Body found in river ID’d; he’s thought to have stabbed himself
The man whose body was found Saturday in the Colorado River has been identified as Joshua Patrick Henry, 28, of Bartlesville, Oklahoma, Garfield County Coroner Robert Glassmire said Tuesday.
The Garfield County Sheriff’s Office on Monday said the person found in the river was suspected in the theft of a pickup truck a week earlier.
Glassmire said an autopsy conducted Tuesday found that Henry had a stab wound of the chest that penetrated a lung, and the death is being investigated as a suicide. Other wounds contributing to his death included cuts on the wrist and neck, in addition to his being immersed in cold water, the coroner said.
The Sheriff’s Office investigation determined that Henry was alone at the time of the vehicle theft and after the Honda Ridgeline crashed into the fence bordering a pasture. The person in the vehicle fled and was tracked by dogs to the river’s edge.
Glassmire’s news release said nothing suggested that another person was with Henry when he was on the riverbank. Toxicology is pending and will likely take four to six weeks for results.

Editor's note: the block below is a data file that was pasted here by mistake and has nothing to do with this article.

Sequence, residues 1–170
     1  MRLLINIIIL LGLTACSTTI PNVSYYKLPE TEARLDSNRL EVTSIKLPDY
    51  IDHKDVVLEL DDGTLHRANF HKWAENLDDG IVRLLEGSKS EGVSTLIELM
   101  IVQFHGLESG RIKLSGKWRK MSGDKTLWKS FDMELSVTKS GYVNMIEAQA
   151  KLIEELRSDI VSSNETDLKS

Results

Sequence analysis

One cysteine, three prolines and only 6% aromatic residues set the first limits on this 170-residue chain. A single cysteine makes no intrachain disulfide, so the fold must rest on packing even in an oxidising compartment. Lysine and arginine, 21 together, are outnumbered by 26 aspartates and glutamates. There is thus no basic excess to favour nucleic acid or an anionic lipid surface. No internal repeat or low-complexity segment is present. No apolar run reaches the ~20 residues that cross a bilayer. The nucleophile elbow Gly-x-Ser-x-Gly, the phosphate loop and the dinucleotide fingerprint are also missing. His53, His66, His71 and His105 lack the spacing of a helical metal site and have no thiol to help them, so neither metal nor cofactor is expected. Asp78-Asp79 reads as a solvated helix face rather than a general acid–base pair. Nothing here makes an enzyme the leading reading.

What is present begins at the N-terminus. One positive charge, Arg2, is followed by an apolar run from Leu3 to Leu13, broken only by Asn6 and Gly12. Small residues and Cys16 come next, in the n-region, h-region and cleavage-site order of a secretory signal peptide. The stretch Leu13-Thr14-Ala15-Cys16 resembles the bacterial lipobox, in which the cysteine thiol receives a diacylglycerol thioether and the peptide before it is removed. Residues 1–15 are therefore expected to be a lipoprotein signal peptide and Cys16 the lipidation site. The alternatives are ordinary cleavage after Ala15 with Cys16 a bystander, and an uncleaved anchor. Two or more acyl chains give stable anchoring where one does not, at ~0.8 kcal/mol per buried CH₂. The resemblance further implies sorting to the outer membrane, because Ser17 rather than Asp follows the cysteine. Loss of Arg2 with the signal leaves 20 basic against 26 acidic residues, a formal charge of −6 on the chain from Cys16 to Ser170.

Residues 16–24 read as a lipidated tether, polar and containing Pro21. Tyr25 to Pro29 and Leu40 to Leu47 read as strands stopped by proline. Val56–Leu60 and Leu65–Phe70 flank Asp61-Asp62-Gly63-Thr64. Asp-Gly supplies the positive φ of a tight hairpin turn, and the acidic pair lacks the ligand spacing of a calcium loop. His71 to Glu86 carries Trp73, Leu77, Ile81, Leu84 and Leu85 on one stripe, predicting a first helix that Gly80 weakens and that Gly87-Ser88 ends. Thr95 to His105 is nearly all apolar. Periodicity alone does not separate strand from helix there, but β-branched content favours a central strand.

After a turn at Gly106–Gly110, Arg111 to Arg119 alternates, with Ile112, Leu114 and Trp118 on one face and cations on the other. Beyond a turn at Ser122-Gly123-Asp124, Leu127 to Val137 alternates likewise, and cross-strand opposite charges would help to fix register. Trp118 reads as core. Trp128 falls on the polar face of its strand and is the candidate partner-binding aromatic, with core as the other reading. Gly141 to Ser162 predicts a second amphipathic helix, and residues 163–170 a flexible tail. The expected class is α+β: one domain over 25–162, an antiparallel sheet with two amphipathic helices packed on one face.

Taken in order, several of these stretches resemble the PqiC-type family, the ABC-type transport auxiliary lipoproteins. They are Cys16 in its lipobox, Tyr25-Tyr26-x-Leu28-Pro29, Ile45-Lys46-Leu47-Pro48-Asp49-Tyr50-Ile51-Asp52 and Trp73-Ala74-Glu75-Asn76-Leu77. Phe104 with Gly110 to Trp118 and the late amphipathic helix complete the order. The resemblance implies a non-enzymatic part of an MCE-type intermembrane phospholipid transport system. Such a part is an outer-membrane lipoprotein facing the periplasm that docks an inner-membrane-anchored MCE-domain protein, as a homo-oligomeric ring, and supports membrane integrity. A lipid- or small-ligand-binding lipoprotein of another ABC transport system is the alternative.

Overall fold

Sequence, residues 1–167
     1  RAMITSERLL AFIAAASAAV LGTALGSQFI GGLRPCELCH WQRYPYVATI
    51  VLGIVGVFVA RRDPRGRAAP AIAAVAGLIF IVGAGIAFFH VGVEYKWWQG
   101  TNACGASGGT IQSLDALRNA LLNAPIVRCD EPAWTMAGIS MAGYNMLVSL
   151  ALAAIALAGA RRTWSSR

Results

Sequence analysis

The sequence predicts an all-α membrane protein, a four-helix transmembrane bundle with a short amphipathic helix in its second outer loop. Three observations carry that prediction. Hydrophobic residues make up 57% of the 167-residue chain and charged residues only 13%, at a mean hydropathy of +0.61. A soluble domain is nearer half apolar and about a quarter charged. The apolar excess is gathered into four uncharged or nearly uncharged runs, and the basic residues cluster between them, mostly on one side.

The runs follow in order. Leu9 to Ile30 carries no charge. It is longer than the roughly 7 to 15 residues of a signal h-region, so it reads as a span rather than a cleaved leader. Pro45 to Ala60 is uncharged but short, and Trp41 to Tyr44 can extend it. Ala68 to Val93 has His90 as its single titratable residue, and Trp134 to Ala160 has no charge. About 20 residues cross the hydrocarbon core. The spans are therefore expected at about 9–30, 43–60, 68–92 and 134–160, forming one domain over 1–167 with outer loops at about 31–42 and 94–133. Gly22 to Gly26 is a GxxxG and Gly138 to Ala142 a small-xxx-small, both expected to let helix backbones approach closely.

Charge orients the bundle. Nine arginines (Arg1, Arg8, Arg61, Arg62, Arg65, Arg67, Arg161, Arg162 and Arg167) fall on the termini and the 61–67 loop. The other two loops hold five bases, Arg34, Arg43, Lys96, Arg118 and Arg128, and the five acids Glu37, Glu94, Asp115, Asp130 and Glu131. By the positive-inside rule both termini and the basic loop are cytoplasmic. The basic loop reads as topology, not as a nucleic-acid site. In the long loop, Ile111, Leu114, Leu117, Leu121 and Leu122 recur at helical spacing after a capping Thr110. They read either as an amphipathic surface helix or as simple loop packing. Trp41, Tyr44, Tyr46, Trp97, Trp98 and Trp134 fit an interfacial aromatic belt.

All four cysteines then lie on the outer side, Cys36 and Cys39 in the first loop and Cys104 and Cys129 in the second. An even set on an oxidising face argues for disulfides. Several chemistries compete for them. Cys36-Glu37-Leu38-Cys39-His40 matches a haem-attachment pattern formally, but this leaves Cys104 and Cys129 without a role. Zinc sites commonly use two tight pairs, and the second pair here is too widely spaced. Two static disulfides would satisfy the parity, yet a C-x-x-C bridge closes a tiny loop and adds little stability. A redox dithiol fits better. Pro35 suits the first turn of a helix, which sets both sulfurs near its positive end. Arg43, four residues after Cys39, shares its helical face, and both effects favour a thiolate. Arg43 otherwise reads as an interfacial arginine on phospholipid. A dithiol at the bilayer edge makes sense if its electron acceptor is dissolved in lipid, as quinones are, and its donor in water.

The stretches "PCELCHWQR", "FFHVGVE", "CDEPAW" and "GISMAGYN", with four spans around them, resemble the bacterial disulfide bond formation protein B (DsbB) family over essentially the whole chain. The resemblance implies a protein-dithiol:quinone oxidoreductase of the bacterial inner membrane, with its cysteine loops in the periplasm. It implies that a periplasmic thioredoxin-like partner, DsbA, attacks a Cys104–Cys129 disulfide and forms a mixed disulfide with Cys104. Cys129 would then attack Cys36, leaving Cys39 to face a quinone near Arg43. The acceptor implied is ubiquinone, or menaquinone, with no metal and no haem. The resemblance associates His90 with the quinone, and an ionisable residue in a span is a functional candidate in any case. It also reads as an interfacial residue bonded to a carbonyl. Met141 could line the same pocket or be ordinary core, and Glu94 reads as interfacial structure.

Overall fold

The body was spotted at about 3:30 p.m. on Christmas Eve west of New Castle near an office building. A search and rescue team had retrieved the body by 5:30 p.m.
The pickup truck was stolen Dec. 19 at Exit 109 on Interstate 70, the Sheriff’s Office said.
After deputies helped by a dog lost the trail that night, they went back to the area Dec. 20 and found a wallet, clothing, pools of blood and tracks leading to the river.
Search and rescue workers went to the area Wednesday, finding a bloody knife in the same area of the blood and clothing.
Glassmire said Henry has family ties in Colorado Springs.
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Garfield County Public Health officials want people to be aware of the dangers of hantavirus, a disease that is transferred to humans in mouse excrement inhaled with dust in the air.